“The broad [vector] in the Americas combined with the high mobility of persons in and outside of this region and worldwide represent a risk for the spread of Zika virus in the Americas,” PAHO said in an online statement.
The CDC's list about what the CDC does not know about Zika is long, especially involving pregnancy and newborns. In Brazil, roughly 1,700 children were born with brain defects associated with Zika since the disease was first identified in the country — and in the Western Hemisphere — in early 2015.
But WHO, which was founded in 1948 — 42 years after PAHO (a WHO associate, technically) — waited until Feb. 1 to declare Zika a global emergency. The CDC said Zika was a national health emergency Jan. 22, then elevated the risk to “Level 1,” the highest national health threat, on Feb. 8.
Plenty of advance tremors
The 2016-17 WHO budget is $4.4 billion, including roughly $1.2 billion for communicable diseases, preparedness, and response. (Another $40 million is for "strategic communications.") The CDC budget request for 2017 is roughly $7 billion, including $2.5 billion for protection against infectious diseases. For Florida, the CDC initially siphoned $2 million for Zika when travel cases emerged. A White House news release on Wednesday — at the height of the homegrown Zika fear — said the "CDC is anticipating it will award Florida [an additional] $5.6 million in Zika funding through a CDC grant to be awarded this week.''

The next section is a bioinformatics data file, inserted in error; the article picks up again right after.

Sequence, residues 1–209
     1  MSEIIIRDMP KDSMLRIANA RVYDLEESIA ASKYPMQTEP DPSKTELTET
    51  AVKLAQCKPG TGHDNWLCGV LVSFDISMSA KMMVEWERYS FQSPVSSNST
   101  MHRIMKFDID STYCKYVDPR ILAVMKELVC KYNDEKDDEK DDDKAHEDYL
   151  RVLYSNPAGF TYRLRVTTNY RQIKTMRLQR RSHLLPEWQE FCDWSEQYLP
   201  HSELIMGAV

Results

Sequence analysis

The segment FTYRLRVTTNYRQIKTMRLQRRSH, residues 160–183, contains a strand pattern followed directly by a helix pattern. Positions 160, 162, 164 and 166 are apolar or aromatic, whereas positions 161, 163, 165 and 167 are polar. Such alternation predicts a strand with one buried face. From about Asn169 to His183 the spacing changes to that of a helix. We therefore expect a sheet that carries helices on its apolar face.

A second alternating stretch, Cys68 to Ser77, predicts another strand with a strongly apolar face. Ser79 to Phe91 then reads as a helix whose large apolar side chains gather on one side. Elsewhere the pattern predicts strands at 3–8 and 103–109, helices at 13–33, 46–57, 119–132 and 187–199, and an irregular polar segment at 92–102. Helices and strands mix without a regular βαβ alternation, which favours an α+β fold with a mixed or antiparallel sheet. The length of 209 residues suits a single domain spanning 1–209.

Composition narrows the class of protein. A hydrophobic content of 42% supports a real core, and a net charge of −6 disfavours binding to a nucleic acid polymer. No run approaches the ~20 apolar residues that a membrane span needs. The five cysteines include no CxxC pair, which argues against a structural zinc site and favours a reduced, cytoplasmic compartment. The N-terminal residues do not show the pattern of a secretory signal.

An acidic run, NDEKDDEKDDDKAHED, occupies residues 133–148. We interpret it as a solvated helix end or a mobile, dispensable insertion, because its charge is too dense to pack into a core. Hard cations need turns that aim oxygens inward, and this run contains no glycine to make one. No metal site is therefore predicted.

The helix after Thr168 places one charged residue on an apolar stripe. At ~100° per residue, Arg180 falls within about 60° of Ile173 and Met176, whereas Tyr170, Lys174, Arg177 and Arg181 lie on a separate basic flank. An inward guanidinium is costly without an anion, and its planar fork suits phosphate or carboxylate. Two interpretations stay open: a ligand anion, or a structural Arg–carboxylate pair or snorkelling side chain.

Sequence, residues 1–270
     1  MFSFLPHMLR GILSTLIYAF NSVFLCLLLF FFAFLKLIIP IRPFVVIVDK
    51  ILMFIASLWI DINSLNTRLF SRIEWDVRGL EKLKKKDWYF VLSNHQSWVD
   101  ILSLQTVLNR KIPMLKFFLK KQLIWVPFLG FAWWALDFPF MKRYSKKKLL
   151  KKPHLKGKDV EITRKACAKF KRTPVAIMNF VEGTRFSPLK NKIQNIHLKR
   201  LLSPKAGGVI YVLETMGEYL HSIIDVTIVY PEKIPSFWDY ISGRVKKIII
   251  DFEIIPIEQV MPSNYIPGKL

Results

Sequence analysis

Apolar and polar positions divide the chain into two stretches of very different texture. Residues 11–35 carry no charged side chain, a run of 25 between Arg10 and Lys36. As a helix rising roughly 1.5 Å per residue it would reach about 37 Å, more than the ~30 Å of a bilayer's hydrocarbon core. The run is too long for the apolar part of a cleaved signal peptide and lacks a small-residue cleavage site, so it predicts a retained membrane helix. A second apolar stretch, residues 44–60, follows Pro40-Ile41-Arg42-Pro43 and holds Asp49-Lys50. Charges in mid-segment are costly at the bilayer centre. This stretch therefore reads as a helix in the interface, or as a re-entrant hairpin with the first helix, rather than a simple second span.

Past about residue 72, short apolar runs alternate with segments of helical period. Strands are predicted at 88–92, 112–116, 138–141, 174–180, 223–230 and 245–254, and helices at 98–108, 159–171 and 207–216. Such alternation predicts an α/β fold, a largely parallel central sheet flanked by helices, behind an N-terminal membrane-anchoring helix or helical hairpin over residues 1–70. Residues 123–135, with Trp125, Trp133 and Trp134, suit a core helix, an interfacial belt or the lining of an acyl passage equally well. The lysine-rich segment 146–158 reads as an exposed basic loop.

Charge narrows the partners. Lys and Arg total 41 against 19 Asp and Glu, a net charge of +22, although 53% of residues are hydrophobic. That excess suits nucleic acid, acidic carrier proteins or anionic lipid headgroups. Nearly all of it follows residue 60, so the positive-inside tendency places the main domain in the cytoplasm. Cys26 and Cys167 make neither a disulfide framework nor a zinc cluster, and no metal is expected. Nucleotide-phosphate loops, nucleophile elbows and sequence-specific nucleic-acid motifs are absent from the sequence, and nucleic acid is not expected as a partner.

"When an earthquake hits, we understand the need to respond,” Dr. Tom Frieden (above photo), director of the CDC, told the National Press Club recently. “Now, imagine if you had the power to stop an earthquake. ... Using the tools of public health, [we] have the power to stop the health equivalent of many earthquakes.”
The CDC seemed to have the power in 2008. For sure, a tremor occurred involving a Colorado researcher who was infected with Zika in Senegal. Tests concluded he passed on the disease to his wife. The U.S. National Institutes of Health said the couple were the first confirmed case of an insect-borne disease transmitted through sex.
Inaction at multiple levels also put research into vaccines at least a year behind, worsened when possibly days matter for less-protected populations outside the United States. Puerto Rico is overrun with more than 5,500 Zika cases, including more than 600 pregnant women, according to the Associated Press.